Dissect Successful Businesses

November 23, 2015

There are an abundance of businesses everywhere...some small, some large, some successful, and some not so successful. Every small business owner has some idea how his or her business is doing. It is almost without exception that every business can become more successful than it currently is. Sometimes becoming more successful is simply a matter of observation.

If you're a small business owner, you can most likely find a successful business in the same industry, and it doesn't have to small. Successful businesses display similar traits. Rather than "reinventing the wheel" in your own business, dissect successful businesses. See what they do, analyze why, and then imitate those factors that make similar businesses successful.

Dissect successful businesses for the following:

Marketing – Determine the primary sources of marketing. Successful businesses utilize an array of marketing techniques rather than just one or two. Marketing must be broad enough to cover the target market but not waste valuable marketing dollars on unintended targets. Likewise, if marketing is too narrow and
misses part of the of the target market, then potential revenue is lost. See how your business compares from a marketing standpoint to the leaders in the field.

Customer Service – Competition in today's marketplace is intense...to say the least. When many businesses offer essentially the same products or services as other businesses, many times customer service and employee attitudes make the difference between loyal customers and "one transaction" customers. Analyze the level of service, commitment, and attitude successful businesses have toward their customers. Why do the successful businesses have repeat business and loyal followers? You might be amazed how just a simple change in company attitude might change the trend of your business.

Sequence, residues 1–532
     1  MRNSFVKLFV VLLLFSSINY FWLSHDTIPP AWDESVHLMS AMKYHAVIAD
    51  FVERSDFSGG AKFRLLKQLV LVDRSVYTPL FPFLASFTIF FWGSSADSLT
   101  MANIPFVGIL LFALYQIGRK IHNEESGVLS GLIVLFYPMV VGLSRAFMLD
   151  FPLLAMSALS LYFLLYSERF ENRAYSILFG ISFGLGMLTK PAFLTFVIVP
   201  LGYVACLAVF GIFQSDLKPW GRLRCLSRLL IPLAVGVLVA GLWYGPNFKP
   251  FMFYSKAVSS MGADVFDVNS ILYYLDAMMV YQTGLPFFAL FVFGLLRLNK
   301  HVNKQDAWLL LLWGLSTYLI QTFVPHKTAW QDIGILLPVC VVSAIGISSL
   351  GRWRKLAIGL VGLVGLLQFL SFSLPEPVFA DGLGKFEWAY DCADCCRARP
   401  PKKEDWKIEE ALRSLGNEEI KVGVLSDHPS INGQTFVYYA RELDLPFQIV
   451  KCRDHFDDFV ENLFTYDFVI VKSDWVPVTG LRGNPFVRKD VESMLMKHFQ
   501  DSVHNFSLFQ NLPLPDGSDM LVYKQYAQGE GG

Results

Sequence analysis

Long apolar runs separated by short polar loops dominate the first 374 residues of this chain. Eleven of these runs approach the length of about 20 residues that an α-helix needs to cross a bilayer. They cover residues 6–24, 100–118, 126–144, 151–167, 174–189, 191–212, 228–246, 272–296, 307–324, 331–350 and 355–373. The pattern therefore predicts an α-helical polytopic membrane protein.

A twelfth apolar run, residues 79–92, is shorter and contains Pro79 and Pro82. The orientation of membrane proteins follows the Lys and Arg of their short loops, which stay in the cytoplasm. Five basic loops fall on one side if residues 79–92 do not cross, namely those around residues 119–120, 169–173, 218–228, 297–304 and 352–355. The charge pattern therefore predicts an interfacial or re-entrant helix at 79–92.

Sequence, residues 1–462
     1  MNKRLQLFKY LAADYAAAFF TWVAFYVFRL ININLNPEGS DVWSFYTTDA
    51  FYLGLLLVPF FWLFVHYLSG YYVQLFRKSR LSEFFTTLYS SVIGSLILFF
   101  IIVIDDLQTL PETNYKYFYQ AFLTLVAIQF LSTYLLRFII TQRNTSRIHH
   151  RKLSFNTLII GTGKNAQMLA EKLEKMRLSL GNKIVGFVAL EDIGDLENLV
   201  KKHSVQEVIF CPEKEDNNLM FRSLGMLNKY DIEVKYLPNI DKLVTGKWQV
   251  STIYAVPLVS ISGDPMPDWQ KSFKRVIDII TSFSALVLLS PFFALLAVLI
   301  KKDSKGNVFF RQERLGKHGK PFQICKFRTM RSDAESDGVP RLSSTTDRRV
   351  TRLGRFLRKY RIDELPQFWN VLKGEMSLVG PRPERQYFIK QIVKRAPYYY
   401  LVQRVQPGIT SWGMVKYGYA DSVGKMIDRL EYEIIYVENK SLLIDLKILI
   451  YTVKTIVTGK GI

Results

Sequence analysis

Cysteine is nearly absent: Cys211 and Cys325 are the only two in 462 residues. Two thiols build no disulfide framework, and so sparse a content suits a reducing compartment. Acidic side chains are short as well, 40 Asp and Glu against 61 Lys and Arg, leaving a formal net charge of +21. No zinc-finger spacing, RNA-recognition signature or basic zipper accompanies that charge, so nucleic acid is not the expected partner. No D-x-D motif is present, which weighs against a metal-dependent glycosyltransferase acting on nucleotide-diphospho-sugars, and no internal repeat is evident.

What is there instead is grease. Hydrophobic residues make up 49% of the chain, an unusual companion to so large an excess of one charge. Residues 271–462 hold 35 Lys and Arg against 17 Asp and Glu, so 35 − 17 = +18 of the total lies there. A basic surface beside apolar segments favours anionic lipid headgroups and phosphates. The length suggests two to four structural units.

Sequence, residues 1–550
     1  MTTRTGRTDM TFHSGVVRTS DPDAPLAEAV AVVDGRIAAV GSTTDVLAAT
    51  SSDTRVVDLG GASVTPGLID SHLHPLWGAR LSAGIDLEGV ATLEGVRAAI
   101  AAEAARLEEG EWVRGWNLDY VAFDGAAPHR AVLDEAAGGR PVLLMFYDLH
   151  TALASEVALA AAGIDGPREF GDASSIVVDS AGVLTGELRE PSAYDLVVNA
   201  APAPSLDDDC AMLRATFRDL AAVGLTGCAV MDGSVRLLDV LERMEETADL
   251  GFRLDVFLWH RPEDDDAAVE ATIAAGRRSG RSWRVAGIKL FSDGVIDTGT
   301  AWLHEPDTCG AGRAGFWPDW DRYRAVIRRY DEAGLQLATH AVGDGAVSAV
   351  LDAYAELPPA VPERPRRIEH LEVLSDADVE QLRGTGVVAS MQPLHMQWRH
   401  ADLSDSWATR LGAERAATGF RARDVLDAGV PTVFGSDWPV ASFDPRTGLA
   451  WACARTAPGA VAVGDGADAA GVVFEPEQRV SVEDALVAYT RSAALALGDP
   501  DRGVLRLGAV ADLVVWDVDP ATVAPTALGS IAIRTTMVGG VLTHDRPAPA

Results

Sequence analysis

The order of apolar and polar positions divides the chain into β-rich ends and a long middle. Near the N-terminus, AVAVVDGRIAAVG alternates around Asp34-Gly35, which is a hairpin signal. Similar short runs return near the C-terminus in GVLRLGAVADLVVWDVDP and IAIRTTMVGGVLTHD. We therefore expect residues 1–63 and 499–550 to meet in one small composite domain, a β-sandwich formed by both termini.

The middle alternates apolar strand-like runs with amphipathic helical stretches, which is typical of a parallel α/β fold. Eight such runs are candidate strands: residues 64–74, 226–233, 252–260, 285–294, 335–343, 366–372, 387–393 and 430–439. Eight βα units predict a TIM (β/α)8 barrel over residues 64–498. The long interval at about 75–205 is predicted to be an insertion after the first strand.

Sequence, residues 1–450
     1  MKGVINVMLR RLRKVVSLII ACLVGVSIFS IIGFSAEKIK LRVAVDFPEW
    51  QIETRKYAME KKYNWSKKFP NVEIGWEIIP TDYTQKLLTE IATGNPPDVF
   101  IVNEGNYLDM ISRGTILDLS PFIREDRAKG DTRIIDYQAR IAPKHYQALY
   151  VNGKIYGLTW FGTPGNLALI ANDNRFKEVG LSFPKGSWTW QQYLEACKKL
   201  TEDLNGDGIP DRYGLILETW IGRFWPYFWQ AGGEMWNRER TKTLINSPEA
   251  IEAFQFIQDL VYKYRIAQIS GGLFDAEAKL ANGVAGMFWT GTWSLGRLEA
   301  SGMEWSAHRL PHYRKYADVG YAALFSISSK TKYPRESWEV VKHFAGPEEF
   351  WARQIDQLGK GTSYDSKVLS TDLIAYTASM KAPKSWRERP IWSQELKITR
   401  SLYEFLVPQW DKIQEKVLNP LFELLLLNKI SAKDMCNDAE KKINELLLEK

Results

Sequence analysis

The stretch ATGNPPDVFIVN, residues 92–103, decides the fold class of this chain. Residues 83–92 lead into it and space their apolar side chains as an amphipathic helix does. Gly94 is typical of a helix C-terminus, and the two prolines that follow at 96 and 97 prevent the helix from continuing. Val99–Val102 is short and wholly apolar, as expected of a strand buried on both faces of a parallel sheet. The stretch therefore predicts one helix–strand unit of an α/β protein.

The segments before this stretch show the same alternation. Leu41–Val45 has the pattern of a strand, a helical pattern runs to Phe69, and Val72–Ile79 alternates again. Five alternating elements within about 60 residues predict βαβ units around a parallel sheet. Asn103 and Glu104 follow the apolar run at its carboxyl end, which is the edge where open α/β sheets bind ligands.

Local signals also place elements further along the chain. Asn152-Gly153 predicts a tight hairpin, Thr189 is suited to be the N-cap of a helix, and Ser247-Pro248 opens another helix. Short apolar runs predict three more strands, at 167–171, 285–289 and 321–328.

Quality – Any business can strive to be the best in its class regardless of the "class." This means that low-end products and services are not necessarily competing with high-end products or services in the same industry, i.e. a small compact economy car does not compete for the same consumer dollar as an expensive luxury car. Each, however, competes to be the best in its own class. Buyers expect and demand quality. Know your competition, determine the quality of products and levels of service they deliver, then plan how your company can beat the competition.

Pricing – Businesses must remain competitive with pricing. This does not mean that a business must have the lowest price. It does mean, however, that a business must be competitive relative to the price and value it is charging customers. It is important to understand how the leading businesses in your market environment charge for their products or services...low-cost provider or high-cost supplier of superior products and services?

Ease of Doing Business – Some businesses make a shopping experience easier than others. Whether it is online reservations for service work, e-commerce to purchase a product, or multiple cashiers available for checkout, the ease of consummating a sale often times makes the difference between a sale taking place and a potential customer going to the competition. Check to see how your sales process stacks up to the best in your field.

Although you might understand what your business needs after "dissecting and analyzing" more successful businesses, you still might not be able to plan how to get from Point A to Point B by yourself. This is when it's time to call in a professional certified by the Association of Accredited Small Business Consultants. Strive to not only imitate what the "Number One" business does but become Number One yourself.